Med. Weter. 74

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JUSTYNA BARTOSIK, JACEK ŁOJEK, MARTA PUCHAŁA, JUSTYNA KACZYK, PAWEŁ GÓRSKI, EWA DŁUGOSZ, WOJCIECH ZYGNER
Prevalence of intestinal parasites detected in routine coproscopic methods in dogs and cats from the Masovian voivodeship in 2012-2015
The aim of the study was to analyse canine and feline infections with intestinal parasites basing on routine coproscopic tests. In total 5,809 results were analysed. Infections with Giardia intestinalis (6.93% – in dogs, 4.56% – in cats) and Toxocara spp. (4.07% – in dogs, 5.42% – in cats) were the most commonly noted. The majority of intestinal parasitic infections were identified more frequently in younger animals (under 1 year of age) as compared to older ones. This study showed the increase in the prevalence of coccidia (from 1% to 2.53%) and whipworms (from 2.6% to 3.07%) in dogs and a decrease in roundworm and hookworm related diseases in comparison to previous reports (years 1974-2002). The results showed changes in infection prevalence of both protozoan species (G. intestinalis and Cystoisospora spp.) both in dogs and cats, which suggests that climate conditions had an influence on the infection prevalence of the mentioned species. Moreover, the age of animals had an influence on the infection prevalence of intestinal parasites in dogs. However, there was no influence of both dogs’ and cats’ sex on the average infection prevalence of investigated parasites.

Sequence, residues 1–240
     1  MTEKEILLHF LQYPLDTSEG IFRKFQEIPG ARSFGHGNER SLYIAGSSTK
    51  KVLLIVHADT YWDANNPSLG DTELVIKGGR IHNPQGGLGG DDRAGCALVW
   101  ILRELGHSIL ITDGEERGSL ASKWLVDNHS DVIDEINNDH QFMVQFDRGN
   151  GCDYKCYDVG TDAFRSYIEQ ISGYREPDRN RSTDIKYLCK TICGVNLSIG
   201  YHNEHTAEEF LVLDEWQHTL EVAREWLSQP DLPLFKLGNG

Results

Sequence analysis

Keywords: intestinal parasites, cat, dog, age, sex